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we interrupt our program to blurt something out

Something is starting to hit me. Hard. Not bad, sad or difficult kind of hard. Just weak-kneed, brain-fried, and overwhelming kind of hard. Integrating my past with the present and with hope and grief and growth and—if I am really lucky—grace kind of hard.

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certainly uncertain

“I believe in the Heisenberg Uncertainty Principle applied to theology.”

Three years after college, in response to my happiest, and most Christian, friend from college, I blurted that out as I was wiping away tears about something. I was wiping away tears about a lot of things at the time.

She sighed, bemused and frustrated. It was a sort of “what the H-E-doubletoothpicks does that mean” kind of sigh. She had just asked me what did I believe, if I didn’t believe in Jesus. Jesus made perfect sense to her, and she wasn’t wiping away tears about a lot of things a lot of the time. Ergo.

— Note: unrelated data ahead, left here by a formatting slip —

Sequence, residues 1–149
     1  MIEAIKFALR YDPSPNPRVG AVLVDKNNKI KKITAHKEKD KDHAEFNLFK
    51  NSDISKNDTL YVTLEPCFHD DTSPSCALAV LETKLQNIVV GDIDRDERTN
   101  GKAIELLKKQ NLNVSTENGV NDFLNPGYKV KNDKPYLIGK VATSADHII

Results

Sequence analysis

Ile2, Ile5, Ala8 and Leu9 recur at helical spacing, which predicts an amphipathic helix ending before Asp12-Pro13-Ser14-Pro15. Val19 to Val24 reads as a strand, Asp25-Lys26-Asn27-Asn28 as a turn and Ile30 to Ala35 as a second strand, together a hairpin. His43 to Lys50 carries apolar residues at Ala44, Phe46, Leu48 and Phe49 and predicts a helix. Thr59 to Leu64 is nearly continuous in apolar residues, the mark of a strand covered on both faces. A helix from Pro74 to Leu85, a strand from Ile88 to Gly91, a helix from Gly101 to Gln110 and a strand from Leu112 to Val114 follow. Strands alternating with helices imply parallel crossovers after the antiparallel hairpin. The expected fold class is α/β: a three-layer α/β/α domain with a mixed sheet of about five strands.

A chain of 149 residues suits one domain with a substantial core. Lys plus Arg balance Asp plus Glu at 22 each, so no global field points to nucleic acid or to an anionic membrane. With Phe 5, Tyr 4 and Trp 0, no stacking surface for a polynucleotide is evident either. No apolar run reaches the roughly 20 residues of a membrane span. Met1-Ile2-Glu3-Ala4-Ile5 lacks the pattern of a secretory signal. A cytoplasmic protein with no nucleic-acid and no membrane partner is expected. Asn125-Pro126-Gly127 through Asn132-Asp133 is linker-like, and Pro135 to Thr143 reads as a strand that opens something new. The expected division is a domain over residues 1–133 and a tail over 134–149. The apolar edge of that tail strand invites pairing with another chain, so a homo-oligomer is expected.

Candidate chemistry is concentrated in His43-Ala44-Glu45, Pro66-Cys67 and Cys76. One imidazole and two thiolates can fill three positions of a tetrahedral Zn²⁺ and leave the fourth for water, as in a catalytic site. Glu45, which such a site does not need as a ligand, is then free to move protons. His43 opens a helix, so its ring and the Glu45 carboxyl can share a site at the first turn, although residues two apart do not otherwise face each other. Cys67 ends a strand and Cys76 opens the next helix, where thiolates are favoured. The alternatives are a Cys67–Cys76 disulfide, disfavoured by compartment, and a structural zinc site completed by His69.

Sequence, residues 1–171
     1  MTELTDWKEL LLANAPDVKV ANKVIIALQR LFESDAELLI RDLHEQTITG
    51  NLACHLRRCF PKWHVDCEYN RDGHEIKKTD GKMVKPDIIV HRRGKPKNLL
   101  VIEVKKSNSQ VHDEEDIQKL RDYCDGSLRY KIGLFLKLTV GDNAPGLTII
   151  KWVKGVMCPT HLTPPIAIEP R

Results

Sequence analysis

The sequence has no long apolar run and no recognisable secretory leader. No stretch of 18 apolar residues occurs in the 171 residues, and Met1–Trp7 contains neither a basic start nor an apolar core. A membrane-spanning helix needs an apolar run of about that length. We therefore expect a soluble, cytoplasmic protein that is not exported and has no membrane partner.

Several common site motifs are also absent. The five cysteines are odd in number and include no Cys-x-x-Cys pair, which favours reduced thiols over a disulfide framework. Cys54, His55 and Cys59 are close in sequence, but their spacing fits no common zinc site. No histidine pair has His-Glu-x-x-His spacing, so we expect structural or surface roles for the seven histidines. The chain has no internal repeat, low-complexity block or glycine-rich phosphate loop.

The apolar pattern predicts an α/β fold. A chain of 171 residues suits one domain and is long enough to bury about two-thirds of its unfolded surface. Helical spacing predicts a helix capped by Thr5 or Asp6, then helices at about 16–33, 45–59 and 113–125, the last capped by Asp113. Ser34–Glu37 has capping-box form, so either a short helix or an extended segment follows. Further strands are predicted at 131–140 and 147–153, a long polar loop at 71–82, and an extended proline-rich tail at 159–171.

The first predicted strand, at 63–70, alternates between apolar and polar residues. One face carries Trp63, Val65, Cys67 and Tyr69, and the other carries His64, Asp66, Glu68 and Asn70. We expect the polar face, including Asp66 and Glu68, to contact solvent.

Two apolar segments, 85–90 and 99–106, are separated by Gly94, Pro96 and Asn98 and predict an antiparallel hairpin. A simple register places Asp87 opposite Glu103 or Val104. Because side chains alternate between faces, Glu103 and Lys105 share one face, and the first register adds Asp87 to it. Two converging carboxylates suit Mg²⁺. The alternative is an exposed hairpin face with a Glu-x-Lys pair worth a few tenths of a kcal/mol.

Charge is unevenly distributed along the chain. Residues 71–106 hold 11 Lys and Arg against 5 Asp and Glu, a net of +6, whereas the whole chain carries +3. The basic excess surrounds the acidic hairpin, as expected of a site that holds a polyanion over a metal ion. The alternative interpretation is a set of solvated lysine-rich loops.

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smells like protestant spirit

I was quietly sobbing over Max Weber’s The Protestant Ethic and the Spirit of Capitalism in a public library in graduate school. A revered early 20th century masterwork of sociological analysis, this book is nevertheless not commonly considered a tearjerker. But, as I read passages like:

Not leisure and enjoyment, but only activity serves to increase the glory of God, according to the definite manifestations of His will. Waste of time is thus the first and in principle the deadliest of sins. The span of human life is infinitely short and precious to make sure of one’s own election. Loss of time through sociability, idle talk, luxury, even more sleep than is necessary for health, six to at most eight hours, is worthy of absolute moral condemnation[,]

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the blog of Anne Elizabeth Wynn. Copyright © 2004–2010. All rights reserved.

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